B. Address from Deputy Secretary Enck Governor Paterson’s Deputy Secretary for the Environment, Judith Enck took this opportunity to address the Council. Deputy Secretary Enck expressed the Governor’s concern over the prevalence of diet related disease in NYS. Deputy Secretary Enck said:

“Food security is a priority for the Governor and children’s health, particularly related to childhood obesity and diabetes, is a priority for the First Lady.”

Noting that agriculture is one of New York’s largest and most vital industries, encompassing 25 percent of New York’s landscape and generating more than 3.6 billion for the State’s economy each year, Deputy Secretary Enck highlighted the need for the Council to work on food infrastructure: getting food grown in New York to New Yorkers, as a way of supporting the New York economy, ensuring New York residents have a fresh and healthy food supply, and as a way to reduce food miles whereby reducing the amount of fuel and energy we use to get food to consumers.

Deputy Secretary Enck highlighted the problem that many communities across the state are facing: lack of access to fresh fruits and vegetables that are affordable. The linkage between a poor diet and diabetes, obesity, and other health problems was discussed. On average there are 30% fewer grocery stores in the lowest-income neighborhoods across the state, compared to the highest-income neighborhoods and in the poorest areas of the state there is also the highest disease rate related to diabetes and obesity. The Council was then encouraged to make access to supermarkets, specifically in low-income communities, a priority of their deliberations.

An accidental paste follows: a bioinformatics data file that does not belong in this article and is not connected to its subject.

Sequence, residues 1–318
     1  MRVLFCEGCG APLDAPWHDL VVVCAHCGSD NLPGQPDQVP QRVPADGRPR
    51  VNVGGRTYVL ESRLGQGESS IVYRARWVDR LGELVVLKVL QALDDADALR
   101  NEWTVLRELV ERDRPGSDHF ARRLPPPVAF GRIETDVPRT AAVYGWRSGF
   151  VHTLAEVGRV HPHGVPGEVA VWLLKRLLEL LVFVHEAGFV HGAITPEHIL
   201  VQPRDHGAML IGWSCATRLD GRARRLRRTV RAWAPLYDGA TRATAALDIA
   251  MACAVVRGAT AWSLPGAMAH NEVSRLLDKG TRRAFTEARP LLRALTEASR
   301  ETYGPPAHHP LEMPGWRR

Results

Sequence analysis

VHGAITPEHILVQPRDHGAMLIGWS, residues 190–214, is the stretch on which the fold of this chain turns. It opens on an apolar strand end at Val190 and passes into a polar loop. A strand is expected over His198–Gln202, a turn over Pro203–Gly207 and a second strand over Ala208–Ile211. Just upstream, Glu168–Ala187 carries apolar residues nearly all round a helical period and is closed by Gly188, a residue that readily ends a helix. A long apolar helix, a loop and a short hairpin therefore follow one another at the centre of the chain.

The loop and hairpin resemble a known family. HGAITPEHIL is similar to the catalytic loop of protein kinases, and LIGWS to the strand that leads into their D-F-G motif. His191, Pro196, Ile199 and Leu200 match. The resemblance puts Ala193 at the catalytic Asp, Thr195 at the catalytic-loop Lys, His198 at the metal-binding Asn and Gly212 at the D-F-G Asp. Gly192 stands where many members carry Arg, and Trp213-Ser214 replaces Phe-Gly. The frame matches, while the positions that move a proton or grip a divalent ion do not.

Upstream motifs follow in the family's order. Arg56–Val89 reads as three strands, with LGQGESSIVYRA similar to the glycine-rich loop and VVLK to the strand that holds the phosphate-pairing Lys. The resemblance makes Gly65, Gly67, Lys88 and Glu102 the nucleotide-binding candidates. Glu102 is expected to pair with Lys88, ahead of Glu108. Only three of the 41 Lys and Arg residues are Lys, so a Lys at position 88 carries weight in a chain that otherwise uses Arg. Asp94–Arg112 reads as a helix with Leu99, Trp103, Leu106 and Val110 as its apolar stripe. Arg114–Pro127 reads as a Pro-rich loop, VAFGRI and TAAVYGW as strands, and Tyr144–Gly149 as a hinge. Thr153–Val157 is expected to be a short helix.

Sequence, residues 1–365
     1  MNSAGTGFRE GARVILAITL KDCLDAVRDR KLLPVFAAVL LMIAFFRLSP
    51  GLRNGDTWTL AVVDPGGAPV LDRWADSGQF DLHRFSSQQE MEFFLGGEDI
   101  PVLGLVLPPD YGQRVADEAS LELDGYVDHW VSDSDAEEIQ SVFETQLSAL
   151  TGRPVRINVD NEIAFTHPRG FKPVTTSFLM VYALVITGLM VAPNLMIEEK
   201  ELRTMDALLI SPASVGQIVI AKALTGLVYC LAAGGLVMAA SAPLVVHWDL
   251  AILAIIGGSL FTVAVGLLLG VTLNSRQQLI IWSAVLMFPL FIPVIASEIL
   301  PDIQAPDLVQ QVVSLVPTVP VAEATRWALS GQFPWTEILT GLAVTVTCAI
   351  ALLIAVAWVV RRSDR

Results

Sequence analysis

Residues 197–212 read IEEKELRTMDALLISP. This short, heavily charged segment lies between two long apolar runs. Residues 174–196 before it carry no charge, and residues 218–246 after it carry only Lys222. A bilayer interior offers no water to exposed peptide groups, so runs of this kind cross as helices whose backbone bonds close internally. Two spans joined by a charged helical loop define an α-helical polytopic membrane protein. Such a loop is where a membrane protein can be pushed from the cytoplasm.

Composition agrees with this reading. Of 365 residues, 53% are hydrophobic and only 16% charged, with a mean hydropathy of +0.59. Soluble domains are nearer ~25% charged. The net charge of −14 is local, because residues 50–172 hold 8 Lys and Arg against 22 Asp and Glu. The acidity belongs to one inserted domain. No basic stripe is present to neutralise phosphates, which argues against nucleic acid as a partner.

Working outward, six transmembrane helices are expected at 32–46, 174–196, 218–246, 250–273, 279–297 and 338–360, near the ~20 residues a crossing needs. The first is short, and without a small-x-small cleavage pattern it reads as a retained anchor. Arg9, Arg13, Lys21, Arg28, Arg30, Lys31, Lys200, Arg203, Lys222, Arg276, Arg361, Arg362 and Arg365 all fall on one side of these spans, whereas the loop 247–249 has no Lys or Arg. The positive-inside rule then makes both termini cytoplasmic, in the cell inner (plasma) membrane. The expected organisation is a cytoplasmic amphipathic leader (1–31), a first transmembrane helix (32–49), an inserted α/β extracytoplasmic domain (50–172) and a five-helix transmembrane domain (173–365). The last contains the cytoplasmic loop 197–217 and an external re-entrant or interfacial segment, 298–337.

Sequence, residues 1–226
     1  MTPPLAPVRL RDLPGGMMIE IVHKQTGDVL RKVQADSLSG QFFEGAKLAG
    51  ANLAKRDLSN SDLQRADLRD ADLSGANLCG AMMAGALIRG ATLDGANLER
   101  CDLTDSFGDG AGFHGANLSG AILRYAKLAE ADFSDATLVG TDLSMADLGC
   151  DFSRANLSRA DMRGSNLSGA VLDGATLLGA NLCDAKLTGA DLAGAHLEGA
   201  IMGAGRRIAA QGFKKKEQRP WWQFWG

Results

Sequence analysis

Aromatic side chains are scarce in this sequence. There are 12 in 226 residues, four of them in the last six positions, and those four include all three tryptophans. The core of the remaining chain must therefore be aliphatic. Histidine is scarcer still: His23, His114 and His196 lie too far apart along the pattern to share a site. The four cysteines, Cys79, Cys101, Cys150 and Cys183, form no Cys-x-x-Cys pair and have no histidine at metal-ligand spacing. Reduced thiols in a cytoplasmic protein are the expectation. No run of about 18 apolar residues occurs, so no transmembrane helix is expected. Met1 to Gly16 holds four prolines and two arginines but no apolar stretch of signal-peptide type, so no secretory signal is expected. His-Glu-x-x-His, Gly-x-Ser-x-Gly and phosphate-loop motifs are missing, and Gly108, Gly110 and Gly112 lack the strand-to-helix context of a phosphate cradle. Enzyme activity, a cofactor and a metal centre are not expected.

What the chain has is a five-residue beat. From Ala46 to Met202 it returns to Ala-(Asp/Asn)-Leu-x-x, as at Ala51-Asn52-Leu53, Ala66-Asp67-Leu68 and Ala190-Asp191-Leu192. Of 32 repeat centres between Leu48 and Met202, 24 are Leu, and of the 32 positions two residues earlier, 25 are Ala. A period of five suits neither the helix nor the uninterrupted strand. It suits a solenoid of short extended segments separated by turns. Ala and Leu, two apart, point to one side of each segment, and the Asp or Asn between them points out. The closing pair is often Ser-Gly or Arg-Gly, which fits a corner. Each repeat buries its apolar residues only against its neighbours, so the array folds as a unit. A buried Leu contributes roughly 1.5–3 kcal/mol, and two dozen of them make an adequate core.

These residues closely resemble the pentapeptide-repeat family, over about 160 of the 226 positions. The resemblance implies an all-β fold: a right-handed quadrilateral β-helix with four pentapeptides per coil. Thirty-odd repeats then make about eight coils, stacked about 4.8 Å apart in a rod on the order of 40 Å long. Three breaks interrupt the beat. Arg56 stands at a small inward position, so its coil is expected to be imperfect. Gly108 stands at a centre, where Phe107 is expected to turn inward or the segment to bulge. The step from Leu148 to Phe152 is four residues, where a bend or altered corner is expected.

C. Work Groups The proposal of forming NYS CFP work groups by Chairman Patrick Hooker was greeted with enthusiasm by the Council members. Members were delegated to one of four work groups organized by key food policy issue areas, based on their area of expertise and interests. Commissioner Hooker will serve as an ex-officio member to all work groups.

The preliminary structure of the NYS CFP work groups is as follows: